Yet another religious display case, this time from Big Mountain, Montana. For more than 50 years, the Knights of Columbus has maintained a six-foot tall statue, “Big Mountain Jesus,” as a tribute to World War II veterans who told of seeing similar shrines while fighting in Italy. The statue is on public land administered by the US Forest Service. In response to a complaint from the Freedom from Religion Foundation that the statue violates the Establishment Clause, the Forest Service told the Knights the statue could not remain. This decision caused a public outcry, and the Forest Service is now reconsidering. One possible solution is a land swap, in which the Forest Service would give the 25 x 25 foot parcel on which the statue stands to a nearby ski resort in exchange for another piece of real estate.
This dispute is very similar to Salazar v. Buono, the Mojave Desert Cross case from 2010, the last occasion on which the Court addressed religious displays on public property. Salazar involved a Latin cross erected on public land by a private group as part of a war memorial; when lower courts ruled the cross unconstitutional, the government executed a land swap to convey the memorial to private parties. Procedural complications made Salazar rather narrow, though, and it doesn’t give too much guidance here. Quite apart from Salazar, the Court’s jurisprudence on public religious displays is famously unpredictable. Under some versions of the endorsement test, “Big Mountain Jesus” is pretty clearly unconstitutional. But the Court doesn’t always apply the endorsement test, and Justice Kennedy’s plurality opinion in Salazar indicates that even a sectarian display, in the context of a longstanding war memorial, may be constitutional. The Forest Service plans to announce its decision next year.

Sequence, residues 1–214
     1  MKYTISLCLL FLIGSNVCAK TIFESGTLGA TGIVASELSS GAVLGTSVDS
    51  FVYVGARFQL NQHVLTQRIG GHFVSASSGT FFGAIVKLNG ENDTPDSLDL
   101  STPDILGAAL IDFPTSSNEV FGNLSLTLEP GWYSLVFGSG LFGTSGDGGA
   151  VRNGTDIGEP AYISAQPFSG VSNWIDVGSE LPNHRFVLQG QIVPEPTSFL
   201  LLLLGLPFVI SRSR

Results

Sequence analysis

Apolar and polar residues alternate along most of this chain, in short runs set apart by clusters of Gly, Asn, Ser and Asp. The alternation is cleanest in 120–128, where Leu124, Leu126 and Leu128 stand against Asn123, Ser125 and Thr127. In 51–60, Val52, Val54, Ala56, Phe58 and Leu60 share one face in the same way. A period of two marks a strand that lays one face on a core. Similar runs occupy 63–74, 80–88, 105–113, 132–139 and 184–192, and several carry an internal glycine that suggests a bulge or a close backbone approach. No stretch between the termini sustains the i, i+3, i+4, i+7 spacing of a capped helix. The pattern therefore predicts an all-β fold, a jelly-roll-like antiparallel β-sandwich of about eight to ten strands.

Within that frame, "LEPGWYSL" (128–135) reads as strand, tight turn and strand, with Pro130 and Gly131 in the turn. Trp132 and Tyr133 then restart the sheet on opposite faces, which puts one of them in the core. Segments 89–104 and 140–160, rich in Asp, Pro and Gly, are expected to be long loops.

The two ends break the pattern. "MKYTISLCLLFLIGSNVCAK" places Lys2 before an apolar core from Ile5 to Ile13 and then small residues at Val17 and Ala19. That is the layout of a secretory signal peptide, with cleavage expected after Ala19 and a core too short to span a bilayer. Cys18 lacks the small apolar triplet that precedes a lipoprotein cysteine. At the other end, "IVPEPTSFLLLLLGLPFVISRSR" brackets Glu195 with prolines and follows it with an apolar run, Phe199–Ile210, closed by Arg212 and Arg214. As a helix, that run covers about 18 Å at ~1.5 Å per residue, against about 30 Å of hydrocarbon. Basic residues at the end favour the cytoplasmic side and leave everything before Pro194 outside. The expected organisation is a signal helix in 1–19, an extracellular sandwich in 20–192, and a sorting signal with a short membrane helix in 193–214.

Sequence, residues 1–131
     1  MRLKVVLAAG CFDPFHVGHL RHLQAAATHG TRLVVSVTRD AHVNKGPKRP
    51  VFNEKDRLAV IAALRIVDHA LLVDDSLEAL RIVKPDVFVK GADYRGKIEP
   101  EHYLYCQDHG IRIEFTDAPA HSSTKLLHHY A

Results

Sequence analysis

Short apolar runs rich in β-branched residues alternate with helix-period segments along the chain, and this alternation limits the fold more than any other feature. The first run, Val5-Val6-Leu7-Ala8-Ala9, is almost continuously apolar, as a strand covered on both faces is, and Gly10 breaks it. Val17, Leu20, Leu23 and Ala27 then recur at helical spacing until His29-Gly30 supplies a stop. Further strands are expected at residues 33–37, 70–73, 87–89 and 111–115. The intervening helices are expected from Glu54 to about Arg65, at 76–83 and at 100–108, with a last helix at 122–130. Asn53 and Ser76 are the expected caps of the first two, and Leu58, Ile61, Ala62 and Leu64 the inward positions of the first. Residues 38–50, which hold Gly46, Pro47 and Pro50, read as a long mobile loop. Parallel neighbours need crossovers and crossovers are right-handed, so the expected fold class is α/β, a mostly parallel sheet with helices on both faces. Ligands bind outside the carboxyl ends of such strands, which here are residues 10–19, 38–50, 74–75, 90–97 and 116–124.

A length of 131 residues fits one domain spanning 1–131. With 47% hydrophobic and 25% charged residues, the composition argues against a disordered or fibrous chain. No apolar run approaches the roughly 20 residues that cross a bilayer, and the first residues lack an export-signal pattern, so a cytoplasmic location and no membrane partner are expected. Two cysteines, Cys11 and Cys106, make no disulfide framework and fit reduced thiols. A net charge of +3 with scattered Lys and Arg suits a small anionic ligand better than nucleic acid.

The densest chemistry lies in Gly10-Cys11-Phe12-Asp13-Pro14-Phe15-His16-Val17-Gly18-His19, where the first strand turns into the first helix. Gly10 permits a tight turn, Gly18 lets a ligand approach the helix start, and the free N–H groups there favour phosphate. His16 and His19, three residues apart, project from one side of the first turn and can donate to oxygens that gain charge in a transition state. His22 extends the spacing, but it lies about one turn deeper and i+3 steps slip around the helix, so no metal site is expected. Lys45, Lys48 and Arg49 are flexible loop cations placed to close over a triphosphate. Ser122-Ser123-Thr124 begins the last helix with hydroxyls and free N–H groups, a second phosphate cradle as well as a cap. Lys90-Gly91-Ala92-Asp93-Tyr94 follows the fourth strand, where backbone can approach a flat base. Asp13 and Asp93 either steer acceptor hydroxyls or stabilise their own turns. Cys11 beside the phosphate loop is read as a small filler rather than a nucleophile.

4 thoughts on ““Big Mountain Jesus””
It is not a war memorial as stated in the article. On its application it states, “religious display.” This is a violation of the Constitution of the United States.
In order to insure the diverse and free practice of religion in the U.S., it is necessary that the Federal and State governments refrain from endorsing, or appearing to endorse, any one religion. A clearly sectarian symbol, the Jesus statue, on public land is an appearance of endorsement of Christianity and can only be construed as a memorial for Christian soldiers alone. Transferring the land to private property does not negate the appearance of favoritism by the Federal government; it only enhances the endorsement of a single religion through the granting of special favors.
“When a religion is good, I conceive it will support itself; and when it does not support itself, and God does not take care to support it so that its professors are obliged to call for help of a civil power, ‘tis a sign, I apprehend, of its being a bad one.”
Can’t they make it legal by adding a Star of David, a Muslim symbol,and an
(I forgot. This is a Christian nation.)